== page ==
Go Global: How to build an international small business

By: Simon Wicks

Date: 17 November 2011

Global Entrepreneurship Week{{}}You may not think that exporting worldwide is for you but with David Cameron pledging to get 100,000 more small UK businesses selling overseas and a whole raft of exporting initiatives announced last week, it may well be time to think again. Certainly, this year’s Global Entrepreneurship Week has an extra bite and urgency given the worldwide economic situation.

As business journalist and TV presenter Declan Curry pointed out at Enterprise Nation’s Go Global conference on Tuesday, we have to “rebalance the UK economy away from Europe and towards growing markets such as China, Brazil and India”. Our biggest export market, the Eurozone, is teetering; our second biggest, the United States, is in a flat state of gloom; the statistics say we export more to the Republic of Ireland than to China, India and Brazil combined (though this isn’t the most trustworthy of stats when you take a proper look).

As a broad national policy, it makes sense to close our trade gap and to generate growth with increased exports. But in order for that to happen, we need many, many more of the UK’s smallest businesses to start exploring international markets in a purposeful way (rather than selling to the odd overseas customer via eBay or their website). Those 100,000 alone could, according to Linda Kozlowski, head of customer acquisition for the international B2B marketplace Alibaba.com, generate some £30 billion for the UK economy.

But it’s not easy for a small business, right? Well, yes –and no. Go Global was all about the practical aspects of selling overseas for small firms. With a broad selection of guest speakers and panellists – many of them from small businesses themselves – we got a rare insight into how household names and many small businesses you may never have heard of have actually done it and succeeded.

The good news is that it’s totally possible. Ecommerce, in particular, is one area where UK businesses excel – as Wendy Tan-White of Moonfruit pointed out, our fiercely competitive ecommerce sector is streets ahead of virtually anyone else worldwide. And this gives us a big advantage over potential competitors in international markets. Getting to the top of the search engine listings in Brazil is a breeze compared to the UK.

Kate Castle of Boginabag and Tony Curtis of Alago both talked about how Alibaba.com has taken much of the pain out of finding international suppliers and customers. Christian Arno of Lingo 24 noted that professional translation companies such as his have embraced the needs of online retailers to provide cost-effective website translation and keywording for that all-important search engine optimisation.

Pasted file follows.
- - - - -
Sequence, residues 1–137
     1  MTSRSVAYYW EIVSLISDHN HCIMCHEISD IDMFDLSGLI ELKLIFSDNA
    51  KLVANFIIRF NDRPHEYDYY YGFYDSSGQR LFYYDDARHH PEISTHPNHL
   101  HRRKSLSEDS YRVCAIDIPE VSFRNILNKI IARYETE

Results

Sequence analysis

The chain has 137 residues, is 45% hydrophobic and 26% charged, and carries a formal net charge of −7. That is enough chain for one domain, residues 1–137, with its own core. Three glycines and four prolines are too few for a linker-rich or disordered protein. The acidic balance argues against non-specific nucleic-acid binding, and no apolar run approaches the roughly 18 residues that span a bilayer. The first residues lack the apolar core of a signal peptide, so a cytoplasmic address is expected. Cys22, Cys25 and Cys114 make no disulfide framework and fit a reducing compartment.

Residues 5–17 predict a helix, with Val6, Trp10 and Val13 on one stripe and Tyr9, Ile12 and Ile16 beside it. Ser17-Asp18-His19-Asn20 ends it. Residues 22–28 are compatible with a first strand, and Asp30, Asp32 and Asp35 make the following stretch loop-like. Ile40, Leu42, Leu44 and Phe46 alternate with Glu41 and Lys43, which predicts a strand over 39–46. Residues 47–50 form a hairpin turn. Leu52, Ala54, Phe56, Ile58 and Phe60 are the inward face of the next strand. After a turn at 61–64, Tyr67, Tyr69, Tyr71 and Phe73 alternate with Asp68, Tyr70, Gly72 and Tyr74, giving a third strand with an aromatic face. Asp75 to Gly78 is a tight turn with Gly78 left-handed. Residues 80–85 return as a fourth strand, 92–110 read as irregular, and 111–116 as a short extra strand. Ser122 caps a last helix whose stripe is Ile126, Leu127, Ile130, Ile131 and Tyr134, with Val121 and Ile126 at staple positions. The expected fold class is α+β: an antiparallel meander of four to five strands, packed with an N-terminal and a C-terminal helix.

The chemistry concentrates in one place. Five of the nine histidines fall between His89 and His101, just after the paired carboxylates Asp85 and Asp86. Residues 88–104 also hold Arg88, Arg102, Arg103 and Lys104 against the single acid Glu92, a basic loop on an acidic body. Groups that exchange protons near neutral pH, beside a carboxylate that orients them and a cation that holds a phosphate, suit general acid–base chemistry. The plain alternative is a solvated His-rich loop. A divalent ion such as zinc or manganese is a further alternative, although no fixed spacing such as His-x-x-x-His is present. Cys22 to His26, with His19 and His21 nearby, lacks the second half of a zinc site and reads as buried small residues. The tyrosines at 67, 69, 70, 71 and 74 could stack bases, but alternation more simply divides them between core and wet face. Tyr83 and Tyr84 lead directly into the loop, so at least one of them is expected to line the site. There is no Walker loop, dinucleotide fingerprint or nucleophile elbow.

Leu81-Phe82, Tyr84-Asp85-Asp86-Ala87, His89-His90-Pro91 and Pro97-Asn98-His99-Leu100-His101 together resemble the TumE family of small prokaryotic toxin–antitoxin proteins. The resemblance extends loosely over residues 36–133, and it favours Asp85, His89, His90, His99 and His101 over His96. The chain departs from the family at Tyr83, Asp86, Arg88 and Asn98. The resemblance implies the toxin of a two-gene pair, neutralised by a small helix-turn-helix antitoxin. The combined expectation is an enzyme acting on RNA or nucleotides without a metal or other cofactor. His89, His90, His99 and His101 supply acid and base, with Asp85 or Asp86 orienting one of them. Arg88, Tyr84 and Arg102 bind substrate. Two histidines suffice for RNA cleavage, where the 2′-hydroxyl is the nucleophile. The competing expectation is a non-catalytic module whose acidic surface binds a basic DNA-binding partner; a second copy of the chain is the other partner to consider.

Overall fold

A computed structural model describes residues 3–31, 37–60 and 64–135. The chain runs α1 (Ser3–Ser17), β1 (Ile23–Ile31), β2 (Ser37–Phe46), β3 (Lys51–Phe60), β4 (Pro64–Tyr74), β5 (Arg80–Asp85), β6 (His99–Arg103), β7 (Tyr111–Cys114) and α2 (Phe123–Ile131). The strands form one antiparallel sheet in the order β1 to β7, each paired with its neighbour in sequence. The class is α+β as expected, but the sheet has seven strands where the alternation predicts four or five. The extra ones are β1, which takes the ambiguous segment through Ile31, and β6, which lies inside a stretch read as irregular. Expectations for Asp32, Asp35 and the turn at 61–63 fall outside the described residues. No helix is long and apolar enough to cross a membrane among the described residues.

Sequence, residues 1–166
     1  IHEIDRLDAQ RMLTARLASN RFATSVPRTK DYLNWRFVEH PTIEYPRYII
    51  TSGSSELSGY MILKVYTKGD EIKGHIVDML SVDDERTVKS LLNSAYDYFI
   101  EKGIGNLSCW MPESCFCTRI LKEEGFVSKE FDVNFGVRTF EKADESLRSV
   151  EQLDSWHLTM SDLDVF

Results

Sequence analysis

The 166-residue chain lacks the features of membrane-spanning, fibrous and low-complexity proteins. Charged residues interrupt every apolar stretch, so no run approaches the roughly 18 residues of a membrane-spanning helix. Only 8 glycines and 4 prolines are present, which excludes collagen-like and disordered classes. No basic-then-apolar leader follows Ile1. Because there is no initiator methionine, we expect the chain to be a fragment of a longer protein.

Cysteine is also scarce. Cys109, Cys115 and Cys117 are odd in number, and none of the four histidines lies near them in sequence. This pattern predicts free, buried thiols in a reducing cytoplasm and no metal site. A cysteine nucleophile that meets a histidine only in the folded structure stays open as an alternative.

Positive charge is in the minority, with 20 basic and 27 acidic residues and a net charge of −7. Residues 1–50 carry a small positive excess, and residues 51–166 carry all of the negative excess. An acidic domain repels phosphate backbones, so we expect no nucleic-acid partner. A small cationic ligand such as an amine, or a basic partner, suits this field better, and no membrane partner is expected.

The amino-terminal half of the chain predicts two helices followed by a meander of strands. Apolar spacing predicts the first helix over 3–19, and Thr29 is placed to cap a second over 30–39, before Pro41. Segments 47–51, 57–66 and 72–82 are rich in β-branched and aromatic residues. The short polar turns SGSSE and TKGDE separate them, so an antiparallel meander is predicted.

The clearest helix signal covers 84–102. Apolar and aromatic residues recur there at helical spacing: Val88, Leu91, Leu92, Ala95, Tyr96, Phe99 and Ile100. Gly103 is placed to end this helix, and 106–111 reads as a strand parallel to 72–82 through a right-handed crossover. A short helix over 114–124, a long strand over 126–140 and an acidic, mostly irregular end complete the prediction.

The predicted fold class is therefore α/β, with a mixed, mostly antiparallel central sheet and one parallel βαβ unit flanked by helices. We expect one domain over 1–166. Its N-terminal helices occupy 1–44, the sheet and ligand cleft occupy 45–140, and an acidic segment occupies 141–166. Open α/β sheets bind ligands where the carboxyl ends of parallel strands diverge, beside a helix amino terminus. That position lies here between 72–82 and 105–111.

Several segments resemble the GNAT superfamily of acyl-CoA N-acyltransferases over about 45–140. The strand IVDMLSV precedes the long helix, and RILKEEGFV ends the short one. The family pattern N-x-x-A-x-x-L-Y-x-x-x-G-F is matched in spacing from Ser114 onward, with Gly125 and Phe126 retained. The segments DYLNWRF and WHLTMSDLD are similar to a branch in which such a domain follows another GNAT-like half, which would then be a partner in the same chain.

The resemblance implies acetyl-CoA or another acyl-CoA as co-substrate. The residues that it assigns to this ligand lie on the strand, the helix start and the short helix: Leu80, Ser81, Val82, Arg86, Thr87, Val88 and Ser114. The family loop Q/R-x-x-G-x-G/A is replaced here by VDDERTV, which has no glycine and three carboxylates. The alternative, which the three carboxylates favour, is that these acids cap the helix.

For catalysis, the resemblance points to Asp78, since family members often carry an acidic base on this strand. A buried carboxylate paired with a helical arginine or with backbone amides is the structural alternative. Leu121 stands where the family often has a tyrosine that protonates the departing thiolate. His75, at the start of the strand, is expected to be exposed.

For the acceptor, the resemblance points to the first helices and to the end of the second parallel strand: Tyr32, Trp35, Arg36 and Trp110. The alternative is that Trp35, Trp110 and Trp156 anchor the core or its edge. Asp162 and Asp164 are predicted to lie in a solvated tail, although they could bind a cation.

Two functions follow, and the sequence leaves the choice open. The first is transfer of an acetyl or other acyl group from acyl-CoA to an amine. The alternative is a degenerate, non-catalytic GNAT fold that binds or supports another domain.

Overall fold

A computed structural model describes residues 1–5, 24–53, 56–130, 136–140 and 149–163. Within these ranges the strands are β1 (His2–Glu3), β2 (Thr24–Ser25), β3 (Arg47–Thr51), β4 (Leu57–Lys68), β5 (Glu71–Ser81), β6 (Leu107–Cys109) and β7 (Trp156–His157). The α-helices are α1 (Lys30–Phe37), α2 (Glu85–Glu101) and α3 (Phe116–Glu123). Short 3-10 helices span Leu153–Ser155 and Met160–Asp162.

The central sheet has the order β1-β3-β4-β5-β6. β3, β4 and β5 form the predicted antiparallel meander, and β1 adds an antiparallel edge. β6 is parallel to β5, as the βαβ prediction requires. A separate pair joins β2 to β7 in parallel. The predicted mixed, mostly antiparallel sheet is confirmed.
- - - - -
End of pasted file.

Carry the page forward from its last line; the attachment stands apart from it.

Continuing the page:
Richard Moross of Moo.com explained how creating overseas partnerships an give you the kind of market penetration and brand promotion you would struggle to achieve on your own. In his case, it was hooking up with the photo-sharing website Flickr that really launched his customised business cards. Rob Law of Trunki expanded on the theme of relationships by explaining how he supports his international distributors; friendly faces on the ground who understand the cultural nuances of your new marketplace can make an enormous difference to your chances of success.

It’s perhaps more possible than ever to take a small firm into international markets and many businesses are doing it as a matter of course. Tony Curtis, for example, will be launching his heated sports glove as a global product early next year and already has his supply and distribution chains set up and ready to go. “If you have a product that you think will sell and people will buy in other countries, then it’s common sense,” he said, matter-of-factly.

There are obstacles, of course. Freight forwarders aren’t the easiest people to deal with and IP protection can be drawn-out (tip: trademarking is quicker than patenting), several businesses explained; suppliers can let you down (there’s great value in due diligence) and if you don’t make an effort to understand the local culture you can make an embarrassing faux-pas. Richard Moross ran through a litany of errors he made as he tried to get Moo.com off the ground (the business was originally called ‘Pleasure Cards’. Hm); Rob Law described  years of frustration with potential manufacturers who didn’t understand his product and overseas distributors who didn’t share his vision.

It’s not all plain sailing. But what the likes of Richard and Rob amply demonstrated is that with a marketable good product or service, determination and a sense of adventure, there really are no serious barriers preventing you from turning your ‘local’ business into a ‘global’ one. Both men now run award-winning international companies with multi-million pound turnovers. Frankly, these days you may not even have to leave home to run a global business - Kate Castle admitted that she rarely steps outside her front door. Now that’s a modern international small business for you.

Simon Wicks is a freelance journalist and editor of Enterprise Nation.

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